Fortegra’s adjusted earnings jumped 54% in 2021 to $66.8 million, Tiptree reported.
“They’re not just hitting the numbers, (they’re) exceeding their numbers,” Barnes said.
“I think when you look at Warburg investing, they didn’t invest based upon the belief that that was the end value. They clearly saw this business growing and of a greater value down the road, and we agree.”
Tiptree Chief Financial Officer Sandra Bell said the company’s remaining 76% stake in Fortegra is valued at $19.57 per Tiptree share.
Adding in Tiptree’s other investments, the sum-of-the parts value of the company is at least $25.85 a share, she said.
However, Tiptree’s stock has been trading only at about $12 recently.
One investor asked during the conference call if the company might sell off its other assets, leaving Fortegra as the entire business of the company.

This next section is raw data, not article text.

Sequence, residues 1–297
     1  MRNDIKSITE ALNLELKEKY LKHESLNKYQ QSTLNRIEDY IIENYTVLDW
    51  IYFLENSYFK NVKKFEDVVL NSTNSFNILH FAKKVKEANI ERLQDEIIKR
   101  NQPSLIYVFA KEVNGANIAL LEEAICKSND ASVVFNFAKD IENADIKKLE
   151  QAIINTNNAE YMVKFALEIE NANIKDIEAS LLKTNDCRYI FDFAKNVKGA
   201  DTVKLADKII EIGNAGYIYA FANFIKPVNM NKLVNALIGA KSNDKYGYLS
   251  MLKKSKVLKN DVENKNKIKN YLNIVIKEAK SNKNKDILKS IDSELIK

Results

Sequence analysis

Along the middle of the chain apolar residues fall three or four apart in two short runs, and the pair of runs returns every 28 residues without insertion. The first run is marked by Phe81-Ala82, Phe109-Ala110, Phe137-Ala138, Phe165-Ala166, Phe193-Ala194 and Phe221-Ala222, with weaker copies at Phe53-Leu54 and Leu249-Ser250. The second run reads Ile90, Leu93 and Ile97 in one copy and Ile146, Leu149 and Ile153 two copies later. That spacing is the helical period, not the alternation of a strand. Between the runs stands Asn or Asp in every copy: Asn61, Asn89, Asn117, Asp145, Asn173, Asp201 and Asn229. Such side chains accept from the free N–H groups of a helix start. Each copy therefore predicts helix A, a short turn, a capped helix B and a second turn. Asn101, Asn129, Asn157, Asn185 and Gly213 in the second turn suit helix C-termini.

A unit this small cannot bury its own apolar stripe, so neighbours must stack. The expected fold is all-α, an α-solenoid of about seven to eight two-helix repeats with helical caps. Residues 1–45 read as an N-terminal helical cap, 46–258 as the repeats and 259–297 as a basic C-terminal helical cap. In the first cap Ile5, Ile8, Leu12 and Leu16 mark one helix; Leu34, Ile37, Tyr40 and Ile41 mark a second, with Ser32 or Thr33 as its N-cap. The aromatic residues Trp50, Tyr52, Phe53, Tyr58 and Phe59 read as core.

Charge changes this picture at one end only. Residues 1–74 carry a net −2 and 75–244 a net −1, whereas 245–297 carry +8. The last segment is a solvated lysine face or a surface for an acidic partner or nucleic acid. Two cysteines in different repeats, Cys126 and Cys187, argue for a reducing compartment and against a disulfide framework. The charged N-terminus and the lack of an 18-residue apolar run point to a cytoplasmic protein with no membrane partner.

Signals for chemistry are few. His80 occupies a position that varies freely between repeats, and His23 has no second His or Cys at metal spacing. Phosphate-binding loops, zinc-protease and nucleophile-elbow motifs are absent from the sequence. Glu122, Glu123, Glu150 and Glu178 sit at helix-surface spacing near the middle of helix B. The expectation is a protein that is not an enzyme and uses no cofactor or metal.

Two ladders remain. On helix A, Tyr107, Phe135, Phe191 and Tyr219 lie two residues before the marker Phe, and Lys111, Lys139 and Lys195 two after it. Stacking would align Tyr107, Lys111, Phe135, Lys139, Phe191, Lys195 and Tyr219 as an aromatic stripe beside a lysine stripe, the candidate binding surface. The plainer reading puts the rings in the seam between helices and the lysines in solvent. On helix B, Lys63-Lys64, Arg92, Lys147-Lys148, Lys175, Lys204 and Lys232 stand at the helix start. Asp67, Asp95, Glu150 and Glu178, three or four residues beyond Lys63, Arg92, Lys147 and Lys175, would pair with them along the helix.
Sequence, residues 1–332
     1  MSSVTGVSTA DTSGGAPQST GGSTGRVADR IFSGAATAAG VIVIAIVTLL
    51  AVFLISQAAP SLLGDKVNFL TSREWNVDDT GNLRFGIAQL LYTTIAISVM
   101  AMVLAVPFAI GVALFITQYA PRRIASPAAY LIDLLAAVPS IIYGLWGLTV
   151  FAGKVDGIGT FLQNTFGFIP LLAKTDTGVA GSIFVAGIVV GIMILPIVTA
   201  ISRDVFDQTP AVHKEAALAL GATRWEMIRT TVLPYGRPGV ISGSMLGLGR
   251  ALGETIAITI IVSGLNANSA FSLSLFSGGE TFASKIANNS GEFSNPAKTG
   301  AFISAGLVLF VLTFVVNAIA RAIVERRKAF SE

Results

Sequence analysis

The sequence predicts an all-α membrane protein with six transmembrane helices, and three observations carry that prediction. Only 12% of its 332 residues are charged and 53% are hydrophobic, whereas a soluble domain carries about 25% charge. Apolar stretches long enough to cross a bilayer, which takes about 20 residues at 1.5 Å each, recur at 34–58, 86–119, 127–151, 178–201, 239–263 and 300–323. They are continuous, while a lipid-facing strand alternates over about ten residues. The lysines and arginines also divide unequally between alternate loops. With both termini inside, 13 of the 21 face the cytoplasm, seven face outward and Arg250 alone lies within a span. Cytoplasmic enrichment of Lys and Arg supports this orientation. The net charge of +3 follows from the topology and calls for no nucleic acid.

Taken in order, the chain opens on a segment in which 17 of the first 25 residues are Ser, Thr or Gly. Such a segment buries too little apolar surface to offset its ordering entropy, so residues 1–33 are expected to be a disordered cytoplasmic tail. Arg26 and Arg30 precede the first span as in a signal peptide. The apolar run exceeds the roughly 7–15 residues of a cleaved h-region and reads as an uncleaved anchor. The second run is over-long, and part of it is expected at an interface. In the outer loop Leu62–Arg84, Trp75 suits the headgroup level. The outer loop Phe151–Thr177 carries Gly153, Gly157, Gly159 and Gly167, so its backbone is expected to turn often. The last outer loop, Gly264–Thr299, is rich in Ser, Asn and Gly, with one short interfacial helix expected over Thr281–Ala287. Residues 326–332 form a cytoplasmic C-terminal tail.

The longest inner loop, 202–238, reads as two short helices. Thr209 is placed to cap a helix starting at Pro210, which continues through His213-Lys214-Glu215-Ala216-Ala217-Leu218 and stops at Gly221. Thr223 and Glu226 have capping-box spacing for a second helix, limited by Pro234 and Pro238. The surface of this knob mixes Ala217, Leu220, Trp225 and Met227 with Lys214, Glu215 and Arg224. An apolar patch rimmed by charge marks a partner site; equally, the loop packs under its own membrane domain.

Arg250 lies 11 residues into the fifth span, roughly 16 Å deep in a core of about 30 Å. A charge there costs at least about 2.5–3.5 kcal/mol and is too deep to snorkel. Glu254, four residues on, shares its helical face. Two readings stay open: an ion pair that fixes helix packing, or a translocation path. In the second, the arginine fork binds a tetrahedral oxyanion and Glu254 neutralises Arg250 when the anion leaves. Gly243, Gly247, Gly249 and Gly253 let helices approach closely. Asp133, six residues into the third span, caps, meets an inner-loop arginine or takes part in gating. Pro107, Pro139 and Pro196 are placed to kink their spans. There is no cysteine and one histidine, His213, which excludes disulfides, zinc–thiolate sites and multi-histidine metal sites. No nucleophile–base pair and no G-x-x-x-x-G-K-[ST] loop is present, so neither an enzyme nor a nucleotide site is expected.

“If we think there is a better buyer willing to pay a price that we think is fair or above market, we will consider selling,” Barnes said, indicating all options are open to increase the value of the shares.
Hedge fund targets Rayonier AM
An activist hedge fund best known for ownership of newspapers has its sights set on Jacksonville-based Rayonier Advanced Materials Inc., although its intentions aren’t clear.
Chatham Asset Management LLC disclosed in a March 10 Securities and Exchange Commission filing it has acquired a 6.3% stake in Rayonier AM, saying the stock was “undervalued and represented an attractive investment opportunity.”
Chatham said its representatives intend to engage in discussions with the maker of specialty cellulose products about ways to increase shareholder value.
Rayonier AM responded with an SEC filing saying it is “open to constructive input from any of its stockholders and has been engaged in frequent dialogue with Chatham for more than a year, including an introductory call to the Company’s new Chief Executive Officer, Vito J. Consiglio, last week.”
Consiglio joined Rayonier AM at the beginning of this year.